ENVS Endeavors


Check out ENVS publications for both the students and faculty! 


Ithaca College's Permaculture Garden

Ithaca College students cultivate a new Permaculture Garden located next to Williams Hall, full of fresh herbs, vibrant  plants, and some leafy green vegetables.  This past summer, Environmental Studies student Madison Vander Hill '13, spent her summer planning, maintaining, and harvesting in the permaculture garden.  The Permaculture Garden has been highlighted in both Ithaca College's Fuse Magazine on June 15, 2012 and the Ithacan, Ithaca College's student-run newspaper, on September 5th, 2012. 

To read Fuse Magazine's article about the Permaculture Garden follow this link... http://fuse.ithaca.edu/growing-season-31936/

Watch this video posted in the Ithacan to learn more about the Permaculture Garden.


Studying Belize in Belize: Hands-on Experience

Professor Susan Allen-Gil's Rainforests, Reefs and Ruins course spent three weeks over winter break experiencing culture, economics, biodiversity, and history of  Belize. This course was highlighted in Ithaca College's Fuse Magazine in March, 2011.

Here is a link to the Fuse Magazine Article to learn more!


Here's a link to some beautiful photos of Belize!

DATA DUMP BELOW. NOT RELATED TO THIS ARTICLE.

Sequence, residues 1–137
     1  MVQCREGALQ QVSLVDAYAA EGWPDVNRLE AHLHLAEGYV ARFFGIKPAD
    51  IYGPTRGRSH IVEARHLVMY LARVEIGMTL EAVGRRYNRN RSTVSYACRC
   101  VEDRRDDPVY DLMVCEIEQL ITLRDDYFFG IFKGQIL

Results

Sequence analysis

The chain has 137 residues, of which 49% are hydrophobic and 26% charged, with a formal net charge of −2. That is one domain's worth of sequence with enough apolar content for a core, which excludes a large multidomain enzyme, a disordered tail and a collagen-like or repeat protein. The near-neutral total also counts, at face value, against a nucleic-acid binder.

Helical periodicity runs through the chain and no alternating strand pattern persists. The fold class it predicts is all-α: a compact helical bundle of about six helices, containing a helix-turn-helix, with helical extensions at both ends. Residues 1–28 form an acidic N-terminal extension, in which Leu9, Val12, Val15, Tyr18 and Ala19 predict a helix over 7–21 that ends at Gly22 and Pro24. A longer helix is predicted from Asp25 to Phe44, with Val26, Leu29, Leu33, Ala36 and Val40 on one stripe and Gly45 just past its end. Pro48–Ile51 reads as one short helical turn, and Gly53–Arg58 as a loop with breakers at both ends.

Tapping into the Land: Course Offers Hands-on Experience Making and Selling Natural Products

The course Natural Resources and Ecology: Farming the Forest taught by Professor Jason Hamilton has gotten press in the Ithacan on March 23, 2011. This course offers students the chance to not only produce their own maple syrup but also produce, market and sell mushrooms and honey. Taught by Jason Hamilton, associate professor of environmental studies and science, the course has only been around this semester, but variations have existed for more than five years. Students in the class begin their class work indoors, growing oyster mushrooms. In February and March, students tap, boil and produce their own maple syrup. As the weather warms, students this semester will begin to grow shiitake mushrooms outdoors and build beehives for beekeeping and honey production. Most all of the products grown by the students are then marketed and sold based on current prices. Hamilton said besides the practical knowledge of growing and marketing, he hopes students will take away a deeper understanding of how to use resources around them later in life.

For more information speak with Jason Hamilton or visit the class blog http://icntfp.blogspot.com/.



 One of the many faces of the Commitment to Change sculpture on the academic quad.  The artwork was created by Seth Davidson ' 10, Alyia Bettman '10, Nathaniel Meader '10, and Andrew Bradshaw '10 after the team won the 1st Annual C2C Sculpture Competition. The piece consists of a ring of paper mache bodies around a mound of recyclables.  The art demonstrates that the life span of our trash is significantly greater than our own.  As the paper mache bodies melt and disappear the bottles will remain. Commitment to Change is financed through an HSBC grant and provides funding for internships, fellowships and staffing.

Here's the link:


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